Background: Spinal epidural abscess (SEA) is uncommon but has a potentially disastrous outcome. Its early recognition and management may lead to satisfactory results. We analyzed the clinical manifestations, sources of infection, and outcomes of patients with SEA. Methods: Between 1997 and 2003, 17 patients in the Department of Neurosurgery at Keelung Chang Gung Memorial Hospital had SEA. We retrospectively reviewed their records to analyze their clinical presentations, image findings, laboratory data, and clinical outcomes. Results: All 17 patients (mean age, 63 years) underwent surgery and received antibiotics. Back and/or neck pain (82%), motor deficits (70%), and elevated C-reactive protein levels or erythrocyte sedimentation rates (64%) were the most common symptoms and signs. The most common etiological organism was oxacillin-resistant Staphylococcus aureus. The SEA was most commonly located in the lumbar spine, anterior to the spinal canal. Outcomes were poor in 29% of the patients, fair in 18%, and good in 53%. Conclusions: Abdominal complications in patients with spinal disease are not uncommon, especially when the thoracic level is involved. The abdominal symptoms may initially mask neurological deficits due to spinal cord involvement, however, spinal pain and motor deficits present in most cases under more thorough investigation. In a suspected SEA patient with a history of gouty arthritis, tissue biopsy should include additional crystal analysis. Although the increasing availability of MRI makes diagnosis easier and quicker, repeated neurological examination and full evaluation are essential in any patient with an unknown focus of infection and spinal pain or tenderness.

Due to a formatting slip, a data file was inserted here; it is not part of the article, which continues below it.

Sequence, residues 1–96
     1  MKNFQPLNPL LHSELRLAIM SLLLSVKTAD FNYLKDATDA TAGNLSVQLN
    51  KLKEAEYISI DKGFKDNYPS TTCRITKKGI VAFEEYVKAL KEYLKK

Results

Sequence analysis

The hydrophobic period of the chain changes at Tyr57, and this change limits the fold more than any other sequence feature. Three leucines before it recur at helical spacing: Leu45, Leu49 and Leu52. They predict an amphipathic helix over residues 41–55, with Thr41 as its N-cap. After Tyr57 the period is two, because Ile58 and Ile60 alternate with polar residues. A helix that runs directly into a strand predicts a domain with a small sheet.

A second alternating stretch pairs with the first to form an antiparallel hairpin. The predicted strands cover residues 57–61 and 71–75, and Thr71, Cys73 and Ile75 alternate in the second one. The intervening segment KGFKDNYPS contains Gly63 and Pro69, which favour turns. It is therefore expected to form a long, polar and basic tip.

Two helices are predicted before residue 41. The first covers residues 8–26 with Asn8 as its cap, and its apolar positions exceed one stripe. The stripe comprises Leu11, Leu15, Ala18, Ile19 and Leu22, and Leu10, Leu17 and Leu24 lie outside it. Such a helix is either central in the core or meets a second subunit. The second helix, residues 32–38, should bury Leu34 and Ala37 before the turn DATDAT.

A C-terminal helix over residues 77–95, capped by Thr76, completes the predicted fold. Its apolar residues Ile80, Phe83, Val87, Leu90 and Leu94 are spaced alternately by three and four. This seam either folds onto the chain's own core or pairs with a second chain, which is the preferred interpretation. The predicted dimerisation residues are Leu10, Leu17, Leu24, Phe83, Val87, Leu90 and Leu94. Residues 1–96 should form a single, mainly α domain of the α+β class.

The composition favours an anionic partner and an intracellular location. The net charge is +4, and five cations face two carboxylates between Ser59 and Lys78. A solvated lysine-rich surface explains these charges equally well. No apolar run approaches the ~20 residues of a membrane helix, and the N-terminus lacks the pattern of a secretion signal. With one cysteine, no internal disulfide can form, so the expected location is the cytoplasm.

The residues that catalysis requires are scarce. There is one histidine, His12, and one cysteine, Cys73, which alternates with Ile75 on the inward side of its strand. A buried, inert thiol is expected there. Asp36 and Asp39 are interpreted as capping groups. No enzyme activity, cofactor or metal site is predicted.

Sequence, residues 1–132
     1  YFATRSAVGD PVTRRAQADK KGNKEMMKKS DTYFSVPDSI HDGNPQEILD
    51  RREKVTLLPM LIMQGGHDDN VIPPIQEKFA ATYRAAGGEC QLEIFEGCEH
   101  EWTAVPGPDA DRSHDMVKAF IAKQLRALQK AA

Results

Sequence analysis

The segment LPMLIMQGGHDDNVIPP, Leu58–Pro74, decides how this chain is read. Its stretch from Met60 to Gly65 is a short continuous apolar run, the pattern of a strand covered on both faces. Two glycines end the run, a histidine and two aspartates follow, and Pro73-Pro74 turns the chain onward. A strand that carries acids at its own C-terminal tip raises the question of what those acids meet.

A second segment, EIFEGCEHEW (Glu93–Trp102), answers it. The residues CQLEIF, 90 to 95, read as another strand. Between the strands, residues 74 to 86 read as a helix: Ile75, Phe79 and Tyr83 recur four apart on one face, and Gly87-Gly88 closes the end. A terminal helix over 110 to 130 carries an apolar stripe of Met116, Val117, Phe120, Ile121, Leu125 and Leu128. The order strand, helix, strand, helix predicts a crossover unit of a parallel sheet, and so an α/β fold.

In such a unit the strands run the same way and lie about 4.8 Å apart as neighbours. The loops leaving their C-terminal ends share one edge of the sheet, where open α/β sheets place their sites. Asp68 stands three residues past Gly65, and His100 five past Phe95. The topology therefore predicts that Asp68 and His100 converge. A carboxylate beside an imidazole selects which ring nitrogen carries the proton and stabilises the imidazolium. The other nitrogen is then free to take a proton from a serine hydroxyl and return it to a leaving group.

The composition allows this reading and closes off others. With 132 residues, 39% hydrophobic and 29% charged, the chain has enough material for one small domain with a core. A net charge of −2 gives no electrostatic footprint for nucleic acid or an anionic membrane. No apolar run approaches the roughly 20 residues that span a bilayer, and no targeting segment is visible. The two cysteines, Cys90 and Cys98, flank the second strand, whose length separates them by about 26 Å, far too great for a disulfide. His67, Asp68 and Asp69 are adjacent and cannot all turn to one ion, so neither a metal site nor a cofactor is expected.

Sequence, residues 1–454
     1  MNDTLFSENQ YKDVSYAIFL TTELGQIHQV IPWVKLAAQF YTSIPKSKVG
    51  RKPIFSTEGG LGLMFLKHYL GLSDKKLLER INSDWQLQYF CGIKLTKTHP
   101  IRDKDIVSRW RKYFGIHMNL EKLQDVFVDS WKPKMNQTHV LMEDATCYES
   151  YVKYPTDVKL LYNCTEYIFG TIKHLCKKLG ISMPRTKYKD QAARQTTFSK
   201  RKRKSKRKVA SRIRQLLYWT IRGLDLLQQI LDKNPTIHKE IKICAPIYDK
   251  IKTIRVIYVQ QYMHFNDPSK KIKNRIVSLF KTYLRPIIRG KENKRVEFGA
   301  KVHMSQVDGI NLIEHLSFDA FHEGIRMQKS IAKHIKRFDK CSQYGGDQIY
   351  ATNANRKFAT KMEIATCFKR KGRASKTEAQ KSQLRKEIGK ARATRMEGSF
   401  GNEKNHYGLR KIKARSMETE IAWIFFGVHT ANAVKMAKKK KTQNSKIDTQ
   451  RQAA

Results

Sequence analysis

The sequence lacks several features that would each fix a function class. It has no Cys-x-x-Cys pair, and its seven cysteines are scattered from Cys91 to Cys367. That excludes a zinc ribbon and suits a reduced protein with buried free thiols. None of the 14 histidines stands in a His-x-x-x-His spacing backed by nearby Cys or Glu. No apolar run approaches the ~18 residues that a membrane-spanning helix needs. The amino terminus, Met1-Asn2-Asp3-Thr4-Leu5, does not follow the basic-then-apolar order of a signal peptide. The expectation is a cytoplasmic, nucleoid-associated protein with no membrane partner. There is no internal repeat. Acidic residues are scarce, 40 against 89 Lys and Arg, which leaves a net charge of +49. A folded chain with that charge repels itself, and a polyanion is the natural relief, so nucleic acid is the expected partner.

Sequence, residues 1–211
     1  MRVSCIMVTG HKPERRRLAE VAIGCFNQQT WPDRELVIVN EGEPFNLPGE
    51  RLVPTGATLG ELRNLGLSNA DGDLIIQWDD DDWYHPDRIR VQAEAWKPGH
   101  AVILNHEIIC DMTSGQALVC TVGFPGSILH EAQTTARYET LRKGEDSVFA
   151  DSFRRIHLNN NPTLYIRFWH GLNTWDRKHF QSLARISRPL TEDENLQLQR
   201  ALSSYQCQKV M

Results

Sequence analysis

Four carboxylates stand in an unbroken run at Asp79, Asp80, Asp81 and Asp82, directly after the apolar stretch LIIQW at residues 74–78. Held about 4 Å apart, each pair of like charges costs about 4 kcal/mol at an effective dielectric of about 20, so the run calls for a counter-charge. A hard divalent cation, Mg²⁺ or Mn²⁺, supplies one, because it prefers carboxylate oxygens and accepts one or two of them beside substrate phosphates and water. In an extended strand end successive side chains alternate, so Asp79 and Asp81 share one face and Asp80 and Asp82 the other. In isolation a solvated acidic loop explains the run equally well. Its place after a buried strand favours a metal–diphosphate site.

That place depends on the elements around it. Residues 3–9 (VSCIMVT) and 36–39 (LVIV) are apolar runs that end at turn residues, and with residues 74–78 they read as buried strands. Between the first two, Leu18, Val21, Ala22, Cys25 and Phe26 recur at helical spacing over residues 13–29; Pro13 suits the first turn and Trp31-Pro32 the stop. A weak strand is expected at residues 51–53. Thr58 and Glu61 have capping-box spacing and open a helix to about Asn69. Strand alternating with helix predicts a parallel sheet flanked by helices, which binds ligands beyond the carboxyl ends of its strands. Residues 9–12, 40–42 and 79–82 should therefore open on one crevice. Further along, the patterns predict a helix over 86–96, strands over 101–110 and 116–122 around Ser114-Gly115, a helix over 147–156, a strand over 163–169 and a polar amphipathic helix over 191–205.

|Number of pages||8|
|Journal||Chang Gung Medical Journal|
|Publication status||Published - May 2004|
- Clinical manifestations
- Sources of infection
- Spinal epidural abscess
ASJC Scopus subject areas